Never mind the arguments of would torture be applied this way, can we effectively harness it, or would we prosecute if the results indeed saved many—the point is in the acceptance of it at all, we are irretrievably lost because we will have become that which we denounced and abhor. This is the only true way for the terrorists to win—to make us become that which we are (were?) not and to resemble them instead…

--Demosthenes2, here, weighing in.


…clemency is not about justice, or at least not exclusively so. It's about mercy. It's the idea that the state itself can be merciful – which perhaps reflects the idea that mercy really is an inextricable part of justice. We give our governors the power of clemency not because we want to make sure the convicted death row inmate has a last opportunity to prove his innocence; we give our governors the power of clemency because we want to make sure the state has the opportunity to exercise mercy. It's not supposed to be rational: it's supposed to be human.

--ChrisH, here, on the meaning of clemency.


Mickey says it's tough not to find yourself tearing up after listening to John Burns on the Iraqi elections, and he's right. But I couldn't figure out who it was I wanted to have sex with.

That sounds flip, but it's what's behind his thesis on why heterosexual men won't want to see Brokeback Mountain: there's no one lead character they are attracted to in it. I'm not sure whether that theory only applies to romantic movies, but if so, why?

I'd always thought empathy for others was what storytelling is about -- whether in fiction or even in our current news-obsessed world. A great reporter like Burns brings you into the story enough that you really care about those people, whether you want to have sex with them or not. I'd always thought something similar applied to movies, until Kaus posted his thoughts on Brokeback Mountain. Is it really true, then, that heterosexual men just can't -- or won't -- try to empathize with the story of gay men in love, even if they can empathize with the stories of repressed folks in the Middle East who are struggling to be free?

--SacSays, here, challenging Mickey Kaus' wariness of Brokeback Mountain.


I don't think I saw King Kong until I was about sixteen or so, my parents had a dim view of movies in general and monster movies in particular.

When I did see it, I saw the film just after I saw the highly edited Japanese movie Godzilla. What Raymond Burr was doing in Tokyo was the real mystery in that movie, but I disgress. The first time I saw Godzilla, I thought "Wow, those nuclear bombs really put a fear in the Japanese psyche!" and the first time I saw King Kong, I thought "Wow, those White Folk were really scared of the Black migration into the North!"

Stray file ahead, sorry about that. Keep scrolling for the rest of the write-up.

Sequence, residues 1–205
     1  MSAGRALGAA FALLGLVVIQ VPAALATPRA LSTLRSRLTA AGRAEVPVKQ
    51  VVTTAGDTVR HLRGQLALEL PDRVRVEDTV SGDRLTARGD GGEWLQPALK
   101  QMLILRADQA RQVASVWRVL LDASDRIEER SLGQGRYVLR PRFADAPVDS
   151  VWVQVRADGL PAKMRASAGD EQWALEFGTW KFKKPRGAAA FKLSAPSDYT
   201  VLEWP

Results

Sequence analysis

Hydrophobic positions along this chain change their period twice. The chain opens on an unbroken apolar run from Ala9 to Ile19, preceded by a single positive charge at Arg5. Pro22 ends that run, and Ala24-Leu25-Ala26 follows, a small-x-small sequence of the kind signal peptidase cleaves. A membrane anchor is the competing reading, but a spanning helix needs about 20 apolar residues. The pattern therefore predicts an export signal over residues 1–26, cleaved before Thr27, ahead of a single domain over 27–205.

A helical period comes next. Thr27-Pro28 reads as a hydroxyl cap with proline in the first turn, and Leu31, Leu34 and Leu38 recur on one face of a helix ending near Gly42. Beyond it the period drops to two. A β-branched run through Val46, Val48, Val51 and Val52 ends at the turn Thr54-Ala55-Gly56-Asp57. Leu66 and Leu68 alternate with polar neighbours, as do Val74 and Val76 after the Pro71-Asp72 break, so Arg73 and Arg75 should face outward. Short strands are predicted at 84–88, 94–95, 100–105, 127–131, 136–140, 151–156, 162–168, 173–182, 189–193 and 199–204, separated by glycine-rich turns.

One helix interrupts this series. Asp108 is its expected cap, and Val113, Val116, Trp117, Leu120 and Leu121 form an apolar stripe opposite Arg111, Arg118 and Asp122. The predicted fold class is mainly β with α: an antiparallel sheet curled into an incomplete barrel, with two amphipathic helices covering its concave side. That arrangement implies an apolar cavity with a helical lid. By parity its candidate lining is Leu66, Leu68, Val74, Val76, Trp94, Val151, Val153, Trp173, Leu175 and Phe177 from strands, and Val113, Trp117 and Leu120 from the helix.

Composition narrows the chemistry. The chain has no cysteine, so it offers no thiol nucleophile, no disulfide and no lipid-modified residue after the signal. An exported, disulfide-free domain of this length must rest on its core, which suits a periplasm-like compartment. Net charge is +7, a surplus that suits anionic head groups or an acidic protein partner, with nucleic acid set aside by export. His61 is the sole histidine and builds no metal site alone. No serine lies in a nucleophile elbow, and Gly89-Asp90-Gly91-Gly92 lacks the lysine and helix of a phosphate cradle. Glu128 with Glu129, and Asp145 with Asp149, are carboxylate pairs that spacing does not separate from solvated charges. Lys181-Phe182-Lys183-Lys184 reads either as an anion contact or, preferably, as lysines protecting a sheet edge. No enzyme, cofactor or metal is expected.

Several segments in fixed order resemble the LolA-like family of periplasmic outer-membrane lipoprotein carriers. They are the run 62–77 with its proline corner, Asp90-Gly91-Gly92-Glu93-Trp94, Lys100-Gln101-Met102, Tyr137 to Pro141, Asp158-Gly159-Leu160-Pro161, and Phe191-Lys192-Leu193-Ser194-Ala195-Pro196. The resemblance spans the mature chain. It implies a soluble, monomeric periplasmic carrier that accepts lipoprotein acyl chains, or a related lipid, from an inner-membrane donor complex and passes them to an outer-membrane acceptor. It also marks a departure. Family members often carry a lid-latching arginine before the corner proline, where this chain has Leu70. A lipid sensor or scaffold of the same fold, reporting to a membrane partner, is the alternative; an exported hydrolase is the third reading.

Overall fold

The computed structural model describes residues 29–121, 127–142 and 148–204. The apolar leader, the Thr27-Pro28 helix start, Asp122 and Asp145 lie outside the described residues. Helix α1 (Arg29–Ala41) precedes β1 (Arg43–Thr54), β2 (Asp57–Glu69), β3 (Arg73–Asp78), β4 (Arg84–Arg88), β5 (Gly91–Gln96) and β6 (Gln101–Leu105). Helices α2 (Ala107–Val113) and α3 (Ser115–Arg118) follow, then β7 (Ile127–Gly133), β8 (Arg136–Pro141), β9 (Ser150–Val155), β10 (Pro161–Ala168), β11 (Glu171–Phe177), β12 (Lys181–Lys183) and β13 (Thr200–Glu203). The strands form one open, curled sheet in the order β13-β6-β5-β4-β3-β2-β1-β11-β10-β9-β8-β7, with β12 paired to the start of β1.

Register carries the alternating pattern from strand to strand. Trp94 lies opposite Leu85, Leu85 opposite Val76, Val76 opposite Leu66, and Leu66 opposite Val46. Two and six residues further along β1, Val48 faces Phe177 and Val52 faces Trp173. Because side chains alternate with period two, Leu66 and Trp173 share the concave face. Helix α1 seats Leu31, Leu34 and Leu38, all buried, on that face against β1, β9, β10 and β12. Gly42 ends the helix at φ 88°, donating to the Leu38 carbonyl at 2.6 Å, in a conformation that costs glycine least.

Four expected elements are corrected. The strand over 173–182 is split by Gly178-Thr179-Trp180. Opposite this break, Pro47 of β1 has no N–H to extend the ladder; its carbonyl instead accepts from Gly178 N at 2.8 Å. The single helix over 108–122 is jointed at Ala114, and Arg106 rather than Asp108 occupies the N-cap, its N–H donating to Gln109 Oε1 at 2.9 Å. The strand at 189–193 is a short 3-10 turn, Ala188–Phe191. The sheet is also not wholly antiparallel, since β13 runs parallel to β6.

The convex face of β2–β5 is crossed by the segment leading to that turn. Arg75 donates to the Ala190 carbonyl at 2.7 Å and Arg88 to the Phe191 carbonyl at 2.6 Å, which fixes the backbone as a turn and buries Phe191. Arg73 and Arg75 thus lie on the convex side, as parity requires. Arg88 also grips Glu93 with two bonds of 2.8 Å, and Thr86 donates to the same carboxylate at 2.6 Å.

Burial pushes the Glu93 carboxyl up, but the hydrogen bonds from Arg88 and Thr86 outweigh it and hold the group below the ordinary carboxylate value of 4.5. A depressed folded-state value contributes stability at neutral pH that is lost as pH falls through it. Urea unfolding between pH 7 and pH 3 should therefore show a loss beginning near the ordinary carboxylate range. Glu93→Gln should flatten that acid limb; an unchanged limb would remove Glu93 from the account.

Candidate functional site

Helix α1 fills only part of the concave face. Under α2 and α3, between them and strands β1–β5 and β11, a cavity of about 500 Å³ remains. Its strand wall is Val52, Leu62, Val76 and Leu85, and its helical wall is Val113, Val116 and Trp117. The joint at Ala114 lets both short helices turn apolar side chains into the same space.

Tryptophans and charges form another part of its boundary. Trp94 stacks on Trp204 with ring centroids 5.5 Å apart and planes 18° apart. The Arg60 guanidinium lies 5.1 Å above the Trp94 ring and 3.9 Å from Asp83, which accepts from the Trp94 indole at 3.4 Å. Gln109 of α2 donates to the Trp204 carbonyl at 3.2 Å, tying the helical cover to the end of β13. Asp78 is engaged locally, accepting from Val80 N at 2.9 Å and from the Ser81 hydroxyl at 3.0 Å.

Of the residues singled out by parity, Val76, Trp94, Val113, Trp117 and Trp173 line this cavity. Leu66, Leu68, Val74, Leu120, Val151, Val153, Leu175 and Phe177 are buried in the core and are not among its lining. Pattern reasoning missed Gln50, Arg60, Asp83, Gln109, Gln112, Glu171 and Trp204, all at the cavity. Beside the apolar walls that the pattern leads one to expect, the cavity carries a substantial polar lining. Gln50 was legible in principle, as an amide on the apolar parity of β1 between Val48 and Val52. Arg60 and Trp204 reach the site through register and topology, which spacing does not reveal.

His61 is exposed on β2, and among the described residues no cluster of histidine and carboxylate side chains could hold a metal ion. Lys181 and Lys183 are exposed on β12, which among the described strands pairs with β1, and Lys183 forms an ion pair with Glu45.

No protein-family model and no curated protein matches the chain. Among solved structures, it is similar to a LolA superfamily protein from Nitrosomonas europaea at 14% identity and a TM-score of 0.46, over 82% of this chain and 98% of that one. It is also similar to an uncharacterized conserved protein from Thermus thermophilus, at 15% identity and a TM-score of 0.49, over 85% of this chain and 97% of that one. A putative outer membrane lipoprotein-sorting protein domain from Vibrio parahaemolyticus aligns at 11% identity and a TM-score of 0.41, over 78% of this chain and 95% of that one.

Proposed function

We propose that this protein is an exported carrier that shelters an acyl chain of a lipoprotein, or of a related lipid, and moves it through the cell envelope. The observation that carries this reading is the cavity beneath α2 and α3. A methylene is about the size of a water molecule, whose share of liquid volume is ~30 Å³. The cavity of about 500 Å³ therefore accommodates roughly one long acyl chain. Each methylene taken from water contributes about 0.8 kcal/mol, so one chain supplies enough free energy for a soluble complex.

I never really got that business about the chains on Kong and the slavery issue. I felt like the allegory was more about bringing the dangers of importing the Southern Rural Black to the Northern Urban Setting, a place that was inappropriate for purely social reasons - how could you expect someone so backward to behave themselves in such a complex environment?

The fact that this rural beast would immediately start eyeing the white woman confirmed the need for a Mann Act. How unspeakable was the thought of Kong and a white woman?

At any rate, I think the intent of the film was to instill fear in the heart of the White Man without having to spell everything out.

I'm sure the audience got it. In those days, they didn't miss a thing.

--Trebuchet_, here, reading into Kong.


It's human nature to latch onto superficial similarities like race when we're looking for points of comparison. For example, it's not hard to find plenty of comparisons between Denzel Washington and Sidney Poitier, but you'll have to look a lot harder to find comparisons between Denzel Washington and Henry Fonda, even though one could argue as strongly for those. If you're looking for someone to compare Donavan McNabb to, probably the first swift-footed-QB-who-never-won-the-big-one you'll think of is someone like Randall Cunningham, not Fran Tarkenton. If some great young black poetess comes along, expect comparisons to Maya Angelou, even if her poetry sounds more like Sylvia Plath -- or T.S. Eliot, for that matter. The tendency with Bird is just more of the same.

For the record, Bird wasn't terribly slow. It's true that he couldn't jump well, but he moved fluidly and had a terrific first step.